Monday, July 19, 2010
Review of Gallows Lane by Brian McGilloway (Pan, 2008)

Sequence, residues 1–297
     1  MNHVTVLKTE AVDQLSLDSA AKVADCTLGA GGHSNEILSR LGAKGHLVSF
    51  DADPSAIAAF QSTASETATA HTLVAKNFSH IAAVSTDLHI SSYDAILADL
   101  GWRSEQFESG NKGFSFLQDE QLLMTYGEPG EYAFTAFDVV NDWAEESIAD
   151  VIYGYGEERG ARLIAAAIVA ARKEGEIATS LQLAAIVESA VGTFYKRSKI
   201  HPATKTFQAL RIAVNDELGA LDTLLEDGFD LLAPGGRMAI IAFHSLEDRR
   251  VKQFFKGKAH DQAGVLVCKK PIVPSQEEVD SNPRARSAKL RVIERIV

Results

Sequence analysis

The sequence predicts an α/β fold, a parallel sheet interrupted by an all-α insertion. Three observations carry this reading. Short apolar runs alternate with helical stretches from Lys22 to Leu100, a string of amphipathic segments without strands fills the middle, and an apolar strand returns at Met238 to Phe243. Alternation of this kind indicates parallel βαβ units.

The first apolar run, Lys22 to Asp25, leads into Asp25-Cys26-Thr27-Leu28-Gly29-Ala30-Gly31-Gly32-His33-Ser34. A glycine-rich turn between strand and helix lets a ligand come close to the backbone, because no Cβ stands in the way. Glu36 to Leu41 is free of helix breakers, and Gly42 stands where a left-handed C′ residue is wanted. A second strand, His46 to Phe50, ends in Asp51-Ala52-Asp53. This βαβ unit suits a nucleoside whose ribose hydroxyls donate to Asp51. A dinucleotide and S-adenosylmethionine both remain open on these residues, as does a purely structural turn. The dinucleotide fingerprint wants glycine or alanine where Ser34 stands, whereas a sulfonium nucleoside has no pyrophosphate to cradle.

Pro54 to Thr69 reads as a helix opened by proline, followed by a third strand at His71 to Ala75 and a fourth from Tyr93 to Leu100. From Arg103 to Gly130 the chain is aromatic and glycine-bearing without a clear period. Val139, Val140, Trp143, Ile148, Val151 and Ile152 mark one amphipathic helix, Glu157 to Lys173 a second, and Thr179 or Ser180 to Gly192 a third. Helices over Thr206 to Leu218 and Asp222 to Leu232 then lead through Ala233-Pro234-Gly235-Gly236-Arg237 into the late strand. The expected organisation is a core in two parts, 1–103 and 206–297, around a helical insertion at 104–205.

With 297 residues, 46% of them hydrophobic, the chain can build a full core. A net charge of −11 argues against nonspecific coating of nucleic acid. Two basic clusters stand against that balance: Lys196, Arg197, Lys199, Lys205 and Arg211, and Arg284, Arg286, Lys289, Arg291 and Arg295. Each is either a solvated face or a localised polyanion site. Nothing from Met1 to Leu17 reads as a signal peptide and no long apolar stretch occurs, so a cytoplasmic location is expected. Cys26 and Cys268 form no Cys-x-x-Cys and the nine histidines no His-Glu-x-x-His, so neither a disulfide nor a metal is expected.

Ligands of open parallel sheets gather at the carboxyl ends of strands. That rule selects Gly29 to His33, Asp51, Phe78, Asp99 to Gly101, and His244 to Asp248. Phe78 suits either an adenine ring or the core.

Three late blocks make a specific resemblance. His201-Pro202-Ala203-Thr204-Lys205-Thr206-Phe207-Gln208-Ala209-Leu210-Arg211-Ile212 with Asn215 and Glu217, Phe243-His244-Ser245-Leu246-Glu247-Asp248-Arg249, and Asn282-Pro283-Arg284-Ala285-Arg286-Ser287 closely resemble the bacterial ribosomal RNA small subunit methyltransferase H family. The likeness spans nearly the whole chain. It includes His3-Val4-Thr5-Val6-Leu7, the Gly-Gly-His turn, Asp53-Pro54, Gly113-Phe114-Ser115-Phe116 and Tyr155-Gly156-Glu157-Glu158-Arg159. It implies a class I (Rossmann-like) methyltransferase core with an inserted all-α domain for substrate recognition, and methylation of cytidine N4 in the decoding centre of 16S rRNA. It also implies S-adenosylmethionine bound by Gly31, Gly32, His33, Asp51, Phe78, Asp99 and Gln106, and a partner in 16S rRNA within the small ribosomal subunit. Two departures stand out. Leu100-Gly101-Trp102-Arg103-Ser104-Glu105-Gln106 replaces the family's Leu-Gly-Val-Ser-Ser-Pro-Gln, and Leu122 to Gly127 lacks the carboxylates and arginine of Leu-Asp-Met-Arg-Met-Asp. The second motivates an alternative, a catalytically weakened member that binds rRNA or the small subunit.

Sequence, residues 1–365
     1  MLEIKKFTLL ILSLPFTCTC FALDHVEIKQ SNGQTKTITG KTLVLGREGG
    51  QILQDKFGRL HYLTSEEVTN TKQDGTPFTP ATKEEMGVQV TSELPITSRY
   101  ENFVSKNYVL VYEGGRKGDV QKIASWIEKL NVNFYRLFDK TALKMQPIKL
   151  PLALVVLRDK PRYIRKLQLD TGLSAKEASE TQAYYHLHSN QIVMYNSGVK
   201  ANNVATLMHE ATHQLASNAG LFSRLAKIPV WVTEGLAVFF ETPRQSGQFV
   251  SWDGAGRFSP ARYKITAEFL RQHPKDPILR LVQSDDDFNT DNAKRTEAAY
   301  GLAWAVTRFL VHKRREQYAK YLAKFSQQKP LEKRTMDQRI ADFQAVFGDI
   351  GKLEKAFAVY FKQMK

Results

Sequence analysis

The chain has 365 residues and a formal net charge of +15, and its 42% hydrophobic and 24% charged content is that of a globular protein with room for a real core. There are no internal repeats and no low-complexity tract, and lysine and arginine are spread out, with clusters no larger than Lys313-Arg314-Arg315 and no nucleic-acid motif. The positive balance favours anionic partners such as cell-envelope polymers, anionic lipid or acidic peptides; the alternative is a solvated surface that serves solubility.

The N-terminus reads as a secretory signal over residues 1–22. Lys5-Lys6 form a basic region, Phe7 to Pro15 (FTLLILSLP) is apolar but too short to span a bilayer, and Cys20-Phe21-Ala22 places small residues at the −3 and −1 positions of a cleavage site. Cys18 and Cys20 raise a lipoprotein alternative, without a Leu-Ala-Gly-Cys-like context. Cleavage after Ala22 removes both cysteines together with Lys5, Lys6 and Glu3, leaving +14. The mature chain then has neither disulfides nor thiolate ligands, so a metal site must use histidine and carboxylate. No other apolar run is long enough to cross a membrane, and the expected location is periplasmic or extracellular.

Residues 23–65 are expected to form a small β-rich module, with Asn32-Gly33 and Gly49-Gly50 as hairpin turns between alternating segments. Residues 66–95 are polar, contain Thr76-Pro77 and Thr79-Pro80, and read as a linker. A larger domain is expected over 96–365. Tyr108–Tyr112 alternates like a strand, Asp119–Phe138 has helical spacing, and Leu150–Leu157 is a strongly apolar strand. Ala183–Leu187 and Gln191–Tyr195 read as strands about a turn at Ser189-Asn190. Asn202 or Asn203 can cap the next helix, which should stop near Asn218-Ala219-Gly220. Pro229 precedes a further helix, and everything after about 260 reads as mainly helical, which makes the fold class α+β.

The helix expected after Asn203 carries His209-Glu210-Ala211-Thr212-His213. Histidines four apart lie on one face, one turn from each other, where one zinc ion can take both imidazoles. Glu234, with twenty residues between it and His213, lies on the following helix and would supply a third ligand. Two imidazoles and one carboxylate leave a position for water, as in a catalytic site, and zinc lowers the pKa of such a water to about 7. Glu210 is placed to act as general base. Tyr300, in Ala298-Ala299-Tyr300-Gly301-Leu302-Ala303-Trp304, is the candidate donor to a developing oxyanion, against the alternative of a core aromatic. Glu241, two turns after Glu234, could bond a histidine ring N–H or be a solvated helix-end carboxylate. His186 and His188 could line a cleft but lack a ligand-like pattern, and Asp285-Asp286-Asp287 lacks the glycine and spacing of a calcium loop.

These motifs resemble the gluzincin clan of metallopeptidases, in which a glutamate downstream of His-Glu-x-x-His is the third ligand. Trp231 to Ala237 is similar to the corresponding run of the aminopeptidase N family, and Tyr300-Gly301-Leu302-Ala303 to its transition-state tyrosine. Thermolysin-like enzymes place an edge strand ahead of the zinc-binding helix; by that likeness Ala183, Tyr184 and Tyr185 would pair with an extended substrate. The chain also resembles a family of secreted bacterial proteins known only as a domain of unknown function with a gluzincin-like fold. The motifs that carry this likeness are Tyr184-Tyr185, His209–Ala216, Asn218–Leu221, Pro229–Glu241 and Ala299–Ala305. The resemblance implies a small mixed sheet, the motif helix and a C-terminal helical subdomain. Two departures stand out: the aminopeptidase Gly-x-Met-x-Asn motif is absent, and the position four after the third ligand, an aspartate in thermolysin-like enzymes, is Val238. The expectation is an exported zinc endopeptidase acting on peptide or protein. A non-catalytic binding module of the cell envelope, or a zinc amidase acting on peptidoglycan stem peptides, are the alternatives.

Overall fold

It took me a little while to get into Gallows Lane. The first 100 pages or so seemed ponderous, and somehow lacking, and I wasn’t sure about some of the police organisation and procedural elements. Slowly, however, I was drawn ever further into the book, all the careful groundwork laid out in the early stages gaining its significance as the various threads are pulled ever tighter. McGilloway’s skill is in the plotting and sense of place. He weaves several subplots in and through each other, although as with Borderlands some of the story is a little over the top, some situations are clearly plot devices, and I had difficulty believing the resolution of two strands. The result is a slow burner that shifts through the gears into a real page turner. He also does a good job of setting the reader in small town Ireland and the landscape along the Donegal/Derry border. Where the book struggles a little, I feel, is with characterisation. Devlin is well drawn and an interesting enough character – a committed family man that seems vulnerable to temptation, prepared to cut corners, occasionally hot tempered and prone to panic attacks. Many of the other characters, however, are underdeveloped. For example, we get little sense of Devlin’s wife, or the principal victims or perpetrators, or some of his colleagues, with little in the way of back stories and motivations. This is partly due to the large cast and partly due to the pacing, where characters are getting little ‘page time’. Regardless, McGilloway’s Inspector Devlin series is developing nicely and I’m looking forward to the next two books. Comparisons are often made to Rankin and Dexter, but I think Robinson and Booth are probably nearer the mark.